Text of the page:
1. re: Karl S

                                                                          I leave mine out, period. Refrigerating eggs is an American peculiarity, for the most part, and if you buy wisely and use them within the week (as we always do) they're always ready at a moment's notice.

                                                            2. Poached is commonly included in that option; coddled and shirred, not so.

                                                              I generally avoid scrambled because (1) I like mine very moist, French-style, and that's one of the great tests of a professional cook's skill, which I don't expect in US breakfast haunts, and (2) the scrambled eggs in many US breakfast haunts are already cooked, sitting in warming pan on the griddle or somewhere similar. Ordering scrambled eggs is basically ordering pre-cooked eggs, and since I think eggs deserve way better than that.

                                                              9 Replies
                                                              1. re: Karl S

                                                                Many restaurants use liquid eggs for scrambled as well... yet another reason not to choose them.

                                                                I am with you on the french-style scramble; those coagulated rubber knobs that get passed off as scrambled are icky. Mind you, when I serve my delicious pillowy eggs to some friends they refuse them or ask me to cook them more and break them up... they have developed a taste for the icky rubbery kind. Go figure.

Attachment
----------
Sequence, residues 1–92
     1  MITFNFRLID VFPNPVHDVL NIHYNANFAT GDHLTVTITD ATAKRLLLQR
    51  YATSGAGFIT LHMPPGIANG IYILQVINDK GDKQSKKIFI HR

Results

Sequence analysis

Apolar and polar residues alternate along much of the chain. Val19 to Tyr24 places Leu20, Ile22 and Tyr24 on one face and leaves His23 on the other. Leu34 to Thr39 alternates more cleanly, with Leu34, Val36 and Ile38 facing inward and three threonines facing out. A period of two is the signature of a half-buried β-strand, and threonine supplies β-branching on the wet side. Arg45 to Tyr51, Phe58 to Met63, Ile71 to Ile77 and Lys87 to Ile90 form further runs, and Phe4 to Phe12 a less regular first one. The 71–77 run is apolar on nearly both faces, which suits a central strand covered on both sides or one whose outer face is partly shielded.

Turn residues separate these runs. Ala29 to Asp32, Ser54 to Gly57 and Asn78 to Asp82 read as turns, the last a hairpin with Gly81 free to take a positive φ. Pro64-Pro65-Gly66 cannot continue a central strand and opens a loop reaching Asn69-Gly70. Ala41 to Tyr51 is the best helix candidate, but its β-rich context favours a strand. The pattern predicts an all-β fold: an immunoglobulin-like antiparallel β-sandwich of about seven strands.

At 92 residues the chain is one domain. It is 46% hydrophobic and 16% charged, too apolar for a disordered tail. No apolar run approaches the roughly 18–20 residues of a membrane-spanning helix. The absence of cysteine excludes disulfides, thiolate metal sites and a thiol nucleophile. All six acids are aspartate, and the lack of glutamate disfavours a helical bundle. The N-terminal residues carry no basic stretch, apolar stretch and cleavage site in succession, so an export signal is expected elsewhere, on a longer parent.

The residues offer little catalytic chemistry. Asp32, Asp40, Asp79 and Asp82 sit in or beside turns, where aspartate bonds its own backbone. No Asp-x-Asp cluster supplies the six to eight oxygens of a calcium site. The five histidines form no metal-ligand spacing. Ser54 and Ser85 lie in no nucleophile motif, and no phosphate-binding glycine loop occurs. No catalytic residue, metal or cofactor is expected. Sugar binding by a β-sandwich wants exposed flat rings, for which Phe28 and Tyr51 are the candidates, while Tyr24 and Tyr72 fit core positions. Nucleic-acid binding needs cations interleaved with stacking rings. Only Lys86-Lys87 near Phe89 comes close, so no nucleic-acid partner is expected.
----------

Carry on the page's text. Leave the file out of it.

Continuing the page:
1. re: sinjawns

                                                                  There was a restaurant whose breakfasts were recommended on the LA Board; I looked up their menu, and ALL the egg dishes were scrambled. To me that's a dead giveaway that all their eggs come from cartons. Now, I use some Egg Product in my weekday morning scramble - the "layered omelet" style that so many 'Hounds seem to dislike - but if I'm paying for eggs I want EGGS.

                                                                  And, yes, I have had friends and relatives complain (gently) about eggs being "undercooked" when served soft and moist. Kind of annoying when I've put in the extra effort this requires...

                                                                  1. re: Will Owen

                                                                    What makes for a perfectly cooked egg is a very subjective thing. I find uncooked or undercooked eggwhite repulsive. When I order poached eggs, I always specify "medium" and hope for the best.